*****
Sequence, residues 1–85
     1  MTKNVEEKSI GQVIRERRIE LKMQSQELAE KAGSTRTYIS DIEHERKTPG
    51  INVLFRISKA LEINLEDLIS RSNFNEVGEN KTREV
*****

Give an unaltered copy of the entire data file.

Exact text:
Sequence, residues 1–85
     1  MTKNVEEKSI GQVIRERRIE LKMQSQELAE KAGSTRTYIS DIEHERKTPG
    51  INVLFRISKA LEINLEDLIS RSNFNEVGEN KTREV